Steampunk's Guide to Sex


Margaret Killjoy sez, "We just got A Steampunk's Guide to Sex back from the printer! With contributions by Alan Moore, Molly Crabapple, and Professor Calamity, the book covers all kinds of crazy Victorian sexuality as well as ideas about steampunk and geek sexuality in the 21st century. It comes complete with sketchy DIY how-tos and is illustrated by original tintypes."

Prostitution, pornography, sex toys, dirty stories, BDSM, gay New York, can-can dancers, strippers, tight-laced corsets, prudery, polyamory, consent, venereal diseases, piercings, birth control, aphrodisiacs, creepers, floggers, steam-powered vibrators, sex slang—mad historian Professor Calamity and his assembled crew of steampunk authors, artists, and performers share everything you want to know, and more, about sex under the reign of Victoria and sex in our modern subculture. Featuring contributions by: Professor Calamity, Luna Celeste, Molly Crabapple, KC Crowell, O.M. Grey, Sarah Hunter (aka Lady Clankington), Margaret Killjoy, Canis Latrans, Talloolah Love, Screaming Mathilda, Alan Moore, Miriam Roček, J.I. Wittstein.

A Steampunk's Guide to Sex

Steampunk Dalek

About this spectacular wearable steampunk Dalek, BB reader Mark Dumont writes:
Electronics are contained in box at back waist containing arduino uno, 2 nine volt batteries, and small amp. Speakers are in ends of tube around neck and mic is on an earpiece. Arduino board powers eye stalk and dome lights as well as handles dalek voice modulation. I found the arduino sketch (source and circuit diagrams) can be found here, kudos to Andy Grove for the sketch. Originally created for my wife (the only dalek I will ever love) for the Time Traveler's Ball held at the Redmoor in Cincinnati 11/17/12
Photo Link. (Shared in the BB Flickr Pool)

Doktor A's immortality helmet


Doktor A's beautiful immortality helmet was produced on commission and looks like a spectacular way to extend your lifespan:

1. Remove strap and leads from the storage drawer.
2. Place electrodes against forehead and tighten strap.
3. Attach bulldog clips to terminals in the jaw.
4. Set over-ride timer to desired duration.
5. Crank the main handle to build electrical charge.
6. Close the main switch to engage the electrical flow.
7. Increase the electrical voltage using dial.
8. Wait until your Asphyx manifests within the tube.
9. Shut off charge to electrodes using the main switch.
10. Transfer the Asphyx to a long term containment device.
11. Congratulations you have gained immortality.

Congratulations you have gained immortality. (via Super Punch)

Encrusted, elaborate assemblage sculptures


Richard Symons, an artist based in London, makes elaborate, gadget-encrusted sculptures, and sells them on Etsy. The teapot above sells for USD130.00. The mask on the right sells for USD60.00.

Richard Symons (via Super Punch)

Steampunk clockmaker Roger Wood among his creations

Stephen sez, "Masterful gadget-maker Roger Wood poses alongside some of his whimsical clock creations at his Hamilton-based workshop and steampunk emporium, Klockwerks. When he came out in his goggles and steampunk kit, I told him, 'You look so much like an inventor.' He answered, 'I AM an inventor.'"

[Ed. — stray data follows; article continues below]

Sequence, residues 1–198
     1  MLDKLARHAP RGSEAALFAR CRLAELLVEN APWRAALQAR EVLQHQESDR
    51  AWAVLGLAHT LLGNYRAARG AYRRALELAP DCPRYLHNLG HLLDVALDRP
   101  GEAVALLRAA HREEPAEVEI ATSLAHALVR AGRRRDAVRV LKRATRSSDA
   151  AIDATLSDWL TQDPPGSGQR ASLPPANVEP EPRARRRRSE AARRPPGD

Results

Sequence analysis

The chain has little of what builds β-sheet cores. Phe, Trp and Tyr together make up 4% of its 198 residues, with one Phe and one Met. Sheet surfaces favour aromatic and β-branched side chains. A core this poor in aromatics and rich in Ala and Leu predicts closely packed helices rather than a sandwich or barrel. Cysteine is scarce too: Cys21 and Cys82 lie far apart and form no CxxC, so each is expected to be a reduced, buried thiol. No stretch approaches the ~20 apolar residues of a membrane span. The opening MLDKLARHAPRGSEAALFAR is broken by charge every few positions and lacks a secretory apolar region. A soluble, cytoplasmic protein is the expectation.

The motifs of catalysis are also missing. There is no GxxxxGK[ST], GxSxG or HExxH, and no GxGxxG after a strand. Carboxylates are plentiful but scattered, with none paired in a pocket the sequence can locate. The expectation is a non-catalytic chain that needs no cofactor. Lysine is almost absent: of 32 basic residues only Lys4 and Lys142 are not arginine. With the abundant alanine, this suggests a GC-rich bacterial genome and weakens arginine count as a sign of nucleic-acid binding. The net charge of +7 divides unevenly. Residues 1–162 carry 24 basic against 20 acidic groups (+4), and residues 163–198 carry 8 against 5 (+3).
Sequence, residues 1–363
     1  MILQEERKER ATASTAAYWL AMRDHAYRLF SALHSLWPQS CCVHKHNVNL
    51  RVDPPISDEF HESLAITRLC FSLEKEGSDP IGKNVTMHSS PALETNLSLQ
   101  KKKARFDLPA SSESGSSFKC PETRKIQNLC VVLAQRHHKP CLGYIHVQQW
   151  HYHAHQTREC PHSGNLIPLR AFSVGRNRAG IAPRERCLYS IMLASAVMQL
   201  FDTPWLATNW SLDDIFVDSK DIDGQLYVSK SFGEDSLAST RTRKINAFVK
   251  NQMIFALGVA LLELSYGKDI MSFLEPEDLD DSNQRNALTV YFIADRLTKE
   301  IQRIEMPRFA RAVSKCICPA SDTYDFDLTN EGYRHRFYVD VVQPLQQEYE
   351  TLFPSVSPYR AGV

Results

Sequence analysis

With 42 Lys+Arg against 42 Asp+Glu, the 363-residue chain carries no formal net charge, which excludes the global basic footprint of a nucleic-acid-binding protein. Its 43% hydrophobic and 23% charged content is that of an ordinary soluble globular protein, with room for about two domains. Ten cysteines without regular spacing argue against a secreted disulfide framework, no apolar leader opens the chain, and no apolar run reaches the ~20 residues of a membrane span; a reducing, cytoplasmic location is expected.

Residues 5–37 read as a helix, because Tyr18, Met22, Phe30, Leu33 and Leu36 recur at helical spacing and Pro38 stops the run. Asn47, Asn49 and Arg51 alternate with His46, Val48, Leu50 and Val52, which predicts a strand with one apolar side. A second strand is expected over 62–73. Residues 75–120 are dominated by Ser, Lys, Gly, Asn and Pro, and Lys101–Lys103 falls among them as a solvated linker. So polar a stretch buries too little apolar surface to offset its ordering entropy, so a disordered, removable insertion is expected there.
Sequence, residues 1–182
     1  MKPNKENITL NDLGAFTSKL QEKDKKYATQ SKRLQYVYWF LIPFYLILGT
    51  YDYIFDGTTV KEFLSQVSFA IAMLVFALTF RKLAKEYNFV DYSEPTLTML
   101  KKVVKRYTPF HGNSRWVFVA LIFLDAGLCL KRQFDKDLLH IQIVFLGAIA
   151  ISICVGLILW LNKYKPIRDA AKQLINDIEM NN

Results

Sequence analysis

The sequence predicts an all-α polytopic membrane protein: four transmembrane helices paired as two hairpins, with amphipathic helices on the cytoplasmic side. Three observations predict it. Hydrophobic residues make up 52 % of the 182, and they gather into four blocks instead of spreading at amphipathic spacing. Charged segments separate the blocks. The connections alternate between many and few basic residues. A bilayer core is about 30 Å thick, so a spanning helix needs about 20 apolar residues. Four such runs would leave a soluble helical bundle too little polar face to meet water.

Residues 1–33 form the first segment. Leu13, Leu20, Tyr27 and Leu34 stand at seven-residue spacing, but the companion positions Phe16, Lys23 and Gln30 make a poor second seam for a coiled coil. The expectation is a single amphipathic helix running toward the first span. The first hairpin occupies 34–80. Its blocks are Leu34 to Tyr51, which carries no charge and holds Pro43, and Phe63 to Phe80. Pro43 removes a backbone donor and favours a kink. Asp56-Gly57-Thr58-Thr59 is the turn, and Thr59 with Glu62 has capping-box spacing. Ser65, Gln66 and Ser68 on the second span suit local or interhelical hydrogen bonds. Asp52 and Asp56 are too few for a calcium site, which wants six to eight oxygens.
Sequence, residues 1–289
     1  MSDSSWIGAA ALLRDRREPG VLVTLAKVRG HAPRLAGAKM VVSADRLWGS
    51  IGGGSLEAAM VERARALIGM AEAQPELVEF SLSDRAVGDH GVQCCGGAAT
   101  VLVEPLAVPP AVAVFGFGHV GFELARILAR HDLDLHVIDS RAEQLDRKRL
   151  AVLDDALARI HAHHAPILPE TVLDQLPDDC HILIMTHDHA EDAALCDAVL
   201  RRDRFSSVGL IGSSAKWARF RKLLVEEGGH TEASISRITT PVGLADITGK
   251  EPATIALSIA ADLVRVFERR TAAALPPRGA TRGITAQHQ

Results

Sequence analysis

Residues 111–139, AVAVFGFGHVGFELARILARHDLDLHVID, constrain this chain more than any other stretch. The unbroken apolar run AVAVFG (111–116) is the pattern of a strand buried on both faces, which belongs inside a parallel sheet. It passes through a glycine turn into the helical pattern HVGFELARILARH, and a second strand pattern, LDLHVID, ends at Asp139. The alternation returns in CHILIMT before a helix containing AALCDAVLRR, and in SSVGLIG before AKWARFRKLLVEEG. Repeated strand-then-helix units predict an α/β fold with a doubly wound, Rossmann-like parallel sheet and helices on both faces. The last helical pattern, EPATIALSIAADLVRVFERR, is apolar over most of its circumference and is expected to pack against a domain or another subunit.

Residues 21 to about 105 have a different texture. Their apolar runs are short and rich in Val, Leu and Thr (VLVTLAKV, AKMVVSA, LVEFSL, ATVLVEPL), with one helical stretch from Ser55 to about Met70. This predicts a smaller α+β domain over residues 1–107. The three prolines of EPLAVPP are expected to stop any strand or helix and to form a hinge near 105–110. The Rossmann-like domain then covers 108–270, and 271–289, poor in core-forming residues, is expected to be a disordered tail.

Roger was my neighbour for a decade, and his workshop was always a wonderland. I haven't been to his new place in Hamilton, but if this picture is any indication, it's every bit as wonderful.

Steampunk Thing-Maker Roger Wood and Assorted Klockwerks (Thanks, Stephen!)

Steampunk Nintendo casemod


Redditor Andrew5785 refurbed an elderly Nintendo system for a covetous steampunk nephew, turning it into a sweet little contrafactual brass retrofuture contraption.

Steam-Punk Nintendo: Built this for my nephew that likes steam-punk and wanted my old Nintendo. (imgur.com)

Munson typewriter, a beauty from 1890


The Martin Howard Typewriter Collection has a new treasure to show off: a Munson typewriter, with horizontal rods that control a hammer that strikes the page from behind:

The Munson typewriter is a remarkable piece of engineering, with a complex and original mechanical design packed into a small frame. Its inner workings are largely exposed, so the machine comes to life with moving rods and levers when being used.

The Munson does not have type-bars but uses a horizontal type-cylinder (about the size of ones finger) that slides from side-to-side and rotates to have the correct character move into place. Then a hammer strikes the paper from behind, pushing the paper against the ribbon and type-cylinder. Type-cylinders with different fonts were available.

With two shift keys, uppercase and figures, only three rows of keys are required.

The Munson was introduced in 1890 and did quite well on the market; however, today it is hard to find. The Munson became the Chicago in 1898 when the enterprise was bought and the typewriters were manufactured by The Chicago Writing Machine Co.

Munson 1 (Thanks Martin!)

The Arrival: graphic introduction to steampunk ARG


The Arrival is the opening salvo in a multi-year, multimedia steampunk alternate reality based in London. It tells the story of how restless mechanical servants were brought to Victorian England, servants who had to move always to recharge their batteries (this alternate world has a different sort of entropy than ours, I gather), and then broke free of their constraints with the help of human masters.

It's a nicely told, rather short introduction to a very rich world that is unfolding at Clockwork Watch. The organisers have put on some reportedly extraordinary live events in London, and there seems to be a lot more to come.

London 1899. Steam billows out from every corner of the city while huge Zeppelin airships float in the sky overhead. Enter the world of Clockwork Watch, a place where Victorian values are coupled with anachronistic technology, not least of which are the clockwork servants - the mechanical slaves that keep this society ticking along - this is the world of Steampunk.

Technological and social change is in the air - human-clockwork hybridisation is the talk of the town; the unwise employment of science has led to amazement and outcry - the public wants to know whether Science is about to play God.